– BY KATE CODRINGTON –
Come back! This gets good, I promise, just humour me for a moment by noticing what associations arise in your mind when you read that word? A catastrophe? Old age? Something that happens to other people?
What about perimenopause?
What thoughts arise when you read that? Maybe vague thoughts about anger or ill-health?
Whatever specific meanings arise in your mind, it’s likely that they’re drawn from our patriarchal, sexist and ageist culture. Even as light-filled, inclusive, big-hearted feminists, we have still absorbed the culturally dominant, negative beliefs about menopause. This negativity and fear create a heap of problems; we feel shame when the symptoms arrive, then we can’t talk about it, we suffer in silence. We don’t realise that other women feel the same way or that there are simple ways of managing ourselves. It can be misdiagnosed and most importantly: we don’t understand that menopause is an initiation, aka a magical healing force that is coming to make you happier.
It’s a re-birth of the soul
And, oh joy! It’s coming sooner than you think.
The expectations of menopause, like those about periods, are imposed on us from outside and you’ve already discovered that your menstrual cycle has enormous gifts, right? It’s the same with perimenopause. If we turn inward, away from what we’re told to expect, and stay present to what is actually happening within us, we notice something remarkable.
In perimenopause, our system is asking us to turn away from the outside world, loosen our grip on ‘achieving’ and begin to heal. To begin to let go of ways of being that don’t serve us, like toxic relationships, negative beliefs, holding onto pain and trauma and, most importantly, rushing around trying to please everyone.
You know that online course you signed up for, but only did half of, on how to self-actualise? Perimenopause is that course and you get it for free.
Not that it’s without challenges obviously, because in our late thirties and early forties, we feel that maybe we’re getting the hang of this being alive stuff and easing into our power. Then to find that the rug’s come out from under our feet and all the rules have changed and no, you can’t go at life 24/7 without consequences, will hurt. We fight it. We push through our tiredness, but you need to know that this will make your transition tough if you try to push through and don’t rest.
Nearly all symptoms in perimenopause are made worse by stress. It’s a sensitive time, much like pregnancy, and your system will complain loudly about things that in the past you could tolerate; noise, horror films, empty loo rolls, litter, injustice, alcohol, coffee… any number of extraordinary triggers. What are you going to do? You have a choice; you can side with the external voices and criticise yourself for failing or falling apart. Or you can access your inner kindness, being your own best friend and enquire into ‘What would feel good right now to help me heal?’.
How soon is soon?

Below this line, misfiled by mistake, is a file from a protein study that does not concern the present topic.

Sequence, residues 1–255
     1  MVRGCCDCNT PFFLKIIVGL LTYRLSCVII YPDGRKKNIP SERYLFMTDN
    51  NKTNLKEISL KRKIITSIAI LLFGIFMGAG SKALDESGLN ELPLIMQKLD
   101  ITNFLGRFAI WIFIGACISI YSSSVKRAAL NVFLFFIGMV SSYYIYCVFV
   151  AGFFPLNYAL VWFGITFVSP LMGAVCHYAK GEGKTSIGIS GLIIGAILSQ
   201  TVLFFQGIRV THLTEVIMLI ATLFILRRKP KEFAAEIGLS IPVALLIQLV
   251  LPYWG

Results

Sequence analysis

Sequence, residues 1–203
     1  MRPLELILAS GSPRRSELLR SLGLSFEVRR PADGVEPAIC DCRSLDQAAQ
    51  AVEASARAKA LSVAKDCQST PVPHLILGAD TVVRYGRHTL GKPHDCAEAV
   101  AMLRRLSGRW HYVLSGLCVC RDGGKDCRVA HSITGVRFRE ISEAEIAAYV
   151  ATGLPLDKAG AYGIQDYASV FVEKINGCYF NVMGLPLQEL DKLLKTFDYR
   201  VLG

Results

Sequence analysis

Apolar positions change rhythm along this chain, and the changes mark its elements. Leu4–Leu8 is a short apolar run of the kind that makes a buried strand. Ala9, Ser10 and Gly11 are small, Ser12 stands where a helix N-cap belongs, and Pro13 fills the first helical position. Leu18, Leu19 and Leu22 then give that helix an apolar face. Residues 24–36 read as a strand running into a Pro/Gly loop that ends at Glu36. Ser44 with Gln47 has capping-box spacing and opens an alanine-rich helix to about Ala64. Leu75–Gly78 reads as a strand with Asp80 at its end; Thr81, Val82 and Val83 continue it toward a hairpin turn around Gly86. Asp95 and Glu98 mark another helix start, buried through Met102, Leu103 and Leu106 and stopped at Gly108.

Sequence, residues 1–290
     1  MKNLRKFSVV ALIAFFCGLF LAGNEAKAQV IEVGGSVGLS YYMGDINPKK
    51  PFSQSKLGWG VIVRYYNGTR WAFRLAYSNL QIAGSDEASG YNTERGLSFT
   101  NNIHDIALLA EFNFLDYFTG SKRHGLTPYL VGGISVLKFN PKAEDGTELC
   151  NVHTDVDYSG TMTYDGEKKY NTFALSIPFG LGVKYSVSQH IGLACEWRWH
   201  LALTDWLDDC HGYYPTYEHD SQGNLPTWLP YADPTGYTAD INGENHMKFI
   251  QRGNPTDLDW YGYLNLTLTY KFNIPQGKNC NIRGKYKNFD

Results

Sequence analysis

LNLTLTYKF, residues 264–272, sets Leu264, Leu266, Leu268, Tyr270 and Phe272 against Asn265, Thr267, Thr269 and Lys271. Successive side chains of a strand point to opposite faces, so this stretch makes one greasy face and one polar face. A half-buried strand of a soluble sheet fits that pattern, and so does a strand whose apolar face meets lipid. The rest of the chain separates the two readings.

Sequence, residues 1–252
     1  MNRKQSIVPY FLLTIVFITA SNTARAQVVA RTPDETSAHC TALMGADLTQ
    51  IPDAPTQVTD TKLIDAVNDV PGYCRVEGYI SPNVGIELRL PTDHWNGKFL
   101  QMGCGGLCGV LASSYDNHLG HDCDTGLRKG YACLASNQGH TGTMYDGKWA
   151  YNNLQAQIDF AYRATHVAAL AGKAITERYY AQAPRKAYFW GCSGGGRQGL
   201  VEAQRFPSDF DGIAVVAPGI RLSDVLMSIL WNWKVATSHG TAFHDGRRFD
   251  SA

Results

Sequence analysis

The timing for menopause is as unique as the colour of your eyes, but some people notice a subtle change from their late 30’s. Others maybe not until their 50’s. What would this look like? Possibly, but not always, a change in your menstrual cycle. The changes can be very subtle and also come and go, we are cyclical after all!
The sign to really look out for is a longing for more time to yourself; less time doing things like ‘emotional labour’, over-caring, pleasing people, looking outside for love and validation. You might notice that your premenstruum starts a little earlier and you feel freer to tell people what you need, you see the truth more clearly and are able to communicate it. Your needs during your period might be clearer; to rest more, drop your burden and dream or drift through those days.
Your self-care for perimenopause is to pay attention to, and value this inward drift towards yourself. It’s a deep honouring of who you really are. She’s starting to stamp her feet and shout because she will not be ignored. Honour your need for inner healing, whatever that looks like for you. You probably already know what that is and do a little of it. However, perimenopause requires you to do it a lot more! Be it walking, singing, pottering, day-dreaming, meditating, yoga, gardening, sleeping, or Yoga Nidra. It doesn’t matter what. It doesn’t have to cost you money. It only has to soothe your mind and body.
Here are some prompts to help you
Take some time to do some free-writing for each prompt. Set your timer for 3 minutes and keep your pen moving across the paper. If you get stuck, just write ‘I am stuck I am stuck…’ or re-write the prompt to get to flowing again.
- I can’t spend time by myself because…
- When I’m tired of people I love to…
- My body loves it when I…
- My mind goes lovely and quiet when…
- I commit to giving myself more inward time by…
About the author
Kate Codrington is a UK-based menstrual and menopause mentor, writer and facilitator who has been a therapist for more than 25 years. She’s been featured in Time Out, The Evening Standard, the London Metro as well as various well-being publications. She’s worked as a reiki therapist and studied biodynamic psychotherapy. A member of the ABMT, Kate is also trained in body psychotherapy, pregnancy massage with shiatsu, abdominal-sacral massage, fertility massage, womb yoga and menstruality. Her mission: to change the way we regard menopause and show women how to relax into their own, inner authority through their cyclical nature and menopause process. Kate has a free workshop on 7th August, Hot Flush Party. Check out katecodrington.co.uk/
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